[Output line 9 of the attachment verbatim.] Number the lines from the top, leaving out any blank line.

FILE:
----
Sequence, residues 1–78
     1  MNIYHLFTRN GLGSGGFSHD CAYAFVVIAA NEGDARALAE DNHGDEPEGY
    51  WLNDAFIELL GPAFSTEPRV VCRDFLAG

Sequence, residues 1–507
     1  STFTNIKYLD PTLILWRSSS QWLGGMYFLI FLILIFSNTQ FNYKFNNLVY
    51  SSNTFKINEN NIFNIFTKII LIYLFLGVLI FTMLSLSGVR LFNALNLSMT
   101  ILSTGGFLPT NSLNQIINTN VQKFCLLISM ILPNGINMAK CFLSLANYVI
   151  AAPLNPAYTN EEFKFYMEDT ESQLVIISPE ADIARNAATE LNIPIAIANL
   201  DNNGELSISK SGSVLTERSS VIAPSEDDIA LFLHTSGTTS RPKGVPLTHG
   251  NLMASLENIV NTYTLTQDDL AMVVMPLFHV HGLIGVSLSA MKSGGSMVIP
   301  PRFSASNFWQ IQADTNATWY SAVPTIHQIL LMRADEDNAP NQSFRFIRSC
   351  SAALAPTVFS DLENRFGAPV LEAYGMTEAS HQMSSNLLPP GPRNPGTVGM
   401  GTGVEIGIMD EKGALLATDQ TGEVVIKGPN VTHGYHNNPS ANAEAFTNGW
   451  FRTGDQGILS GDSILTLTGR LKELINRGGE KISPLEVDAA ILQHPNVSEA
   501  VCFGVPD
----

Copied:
   201  DNNGELSISK SGSVLTERSS VIAPSEDDIA LFLHTSGTTS RPKGVPLTHG